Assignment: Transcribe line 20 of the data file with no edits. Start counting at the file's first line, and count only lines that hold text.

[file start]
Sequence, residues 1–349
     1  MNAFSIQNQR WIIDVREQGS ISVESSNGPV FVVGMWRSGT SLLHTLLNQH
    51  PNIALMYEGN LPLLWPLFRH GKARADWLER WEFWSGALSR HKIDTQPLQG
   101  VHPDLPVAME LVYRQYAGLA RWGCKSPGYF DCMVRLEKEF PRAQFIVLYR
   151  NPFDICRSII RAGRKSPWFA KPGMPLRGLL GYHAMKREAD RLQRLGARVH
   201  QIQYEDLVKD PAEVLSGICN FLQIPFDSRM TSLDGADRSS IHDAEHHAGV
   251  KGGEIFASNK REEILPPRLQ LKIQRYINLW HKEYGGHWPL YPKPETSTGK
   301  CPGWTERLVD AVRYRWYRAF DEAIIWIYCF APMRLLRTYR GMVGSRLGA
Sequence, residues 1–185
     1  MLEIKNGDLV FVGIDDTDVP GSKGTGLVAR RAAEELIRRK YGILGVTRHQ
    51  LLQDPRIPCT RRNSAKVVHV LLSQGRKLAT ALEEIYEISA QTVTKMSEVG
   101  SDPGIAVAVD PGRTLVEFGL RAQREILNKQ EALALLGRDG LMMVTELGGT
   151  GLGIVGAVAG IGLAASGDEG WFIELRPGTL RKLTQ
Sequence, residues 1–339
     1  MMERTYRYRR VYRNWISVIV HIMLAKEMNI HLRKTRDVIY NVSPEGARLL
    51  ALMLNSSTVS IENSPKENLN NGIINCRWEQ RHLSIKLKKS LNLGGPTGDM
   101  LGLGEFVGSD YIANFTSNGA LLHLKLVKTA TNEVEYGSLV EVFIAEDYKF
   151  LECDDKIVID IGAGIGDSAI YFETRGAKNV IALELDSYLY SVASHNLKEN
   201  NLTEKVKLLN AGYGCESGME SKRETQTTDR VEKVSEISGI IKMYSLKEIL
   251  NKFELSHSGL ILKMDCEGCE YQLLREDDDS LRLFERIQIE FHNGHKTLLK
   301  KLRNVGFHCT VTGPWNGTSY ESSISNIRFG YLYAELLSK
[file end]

   251  NKFELSHSGL ILKMDCEGCE YQLLREDDDS LRLFERIQIE FHNGHKTLLK